A flooded, fast-flowing river can be a spectacular sight, and frightening at the same time. It is powerful. When our prayers are like a strong river, they can be full of power and effective, too.
I love this description of a lively river from the book Wind in the Willows: “sleek, sinuous, full bodied animal, chasing and chuckling, gripping things with a gurgle and leaving them with a laugh, to fling itself fresh playmates that shook themselves free, and were caught and held again.”
In a way, swiftly flowing rivers do catch onto and hold things. This matter can be tiny particles of sand and clay, the remains of vegetation and animals, and even large boulders can be moved by the force of the water. Sluggish rivers, however, cannot transport as much sediment as their faster counterparts. Instead, much of what they carry falls onto the riverbed.
We want our prayers to be like fast-flowing rivers, carrying everything in our lives—the small, monotonous everyday items, the big events and grand plans, our anxieties and frustrations, as well as our joys and thankfulness—to God. And not for them to fall by the wayside.
You will have, no doubt, seen pictures on the news after a storm, where a river has burst its banks and cars are being swept along in the current. Storms, in particular, deliver a greater volume of water to a river and causes it to hold more debris.
And so, a crisis often leads us to pray more frequently and intensely, and bringing the huge issues we face—sickness, heartbreak, disaster—to God.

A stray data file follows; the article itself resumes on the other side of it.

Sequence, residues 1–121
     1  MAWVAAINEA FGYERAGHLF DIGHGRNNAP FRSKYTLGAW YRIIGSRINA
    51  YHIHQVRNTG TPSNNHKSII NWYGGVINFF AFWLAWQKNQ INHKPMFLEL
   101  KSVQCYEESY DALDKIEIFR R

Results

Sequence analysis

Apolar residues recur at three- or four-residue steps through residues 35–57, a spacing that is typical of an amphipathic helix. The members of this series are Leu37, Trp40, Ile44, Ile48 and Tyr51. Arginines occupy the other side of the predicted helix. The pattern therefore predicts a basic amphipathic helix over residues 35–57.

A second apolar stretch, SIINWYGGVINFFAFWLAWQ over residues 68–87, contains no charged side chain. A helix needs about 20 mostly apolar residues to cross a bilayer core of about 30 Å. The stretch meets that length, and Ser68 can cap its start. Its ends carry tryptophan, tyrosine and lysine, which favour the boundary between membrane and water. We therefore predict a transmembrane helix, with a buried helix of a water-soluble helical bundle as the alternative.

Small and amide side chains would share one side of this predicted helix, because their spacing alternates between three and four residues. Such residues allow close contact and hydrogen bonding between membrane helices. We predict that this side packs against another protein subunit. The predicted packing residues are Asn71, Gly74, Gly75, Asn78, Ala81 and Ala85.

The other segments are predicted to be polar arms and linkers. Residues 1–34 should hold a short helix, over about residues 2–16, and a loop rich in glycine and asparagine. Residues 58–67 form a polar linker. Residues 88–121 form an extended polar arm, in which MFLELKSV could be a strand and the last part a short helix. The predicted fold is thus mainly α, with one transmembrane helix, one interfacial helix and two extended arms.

Difficulties we face can stir up new emotions, too. We may doubt God’s goodness, feel hurt by or angry with God and other people, be filled with fear, or totally overwhelmed and exhausted.
Holding back these reactions instead of bringing them to God through prayer is like damming a river. The debris chokes up the flow of water.
When we bring everything to God through prayer, our lives become healthier and we become of value to God and other people.
Eventually a fast-flowing river deposits its contents at the mouth of the river. This sediment is mineral-rich and becomes excellent farmland. Crops are grown and harvested, trees are planted and their fruit is picked.
When we leave our doubts, fears, anxieties, and our thankfulness—everything in our lives—at the feet of Jesus, and before God’s throne of grace he can turn what looks like the debris of our life into rich and fertile ground from which we bear fruit.
Scripture tells us to get rid of everything that slows us down, especially the sin that just won’t let go. How appropriate, when we think about our prayers as a river. Take the opportunity, through prayer, to get rid of every thought, attitude or practice that impedes a godly life.
This week, practice prayer that flows like a river.
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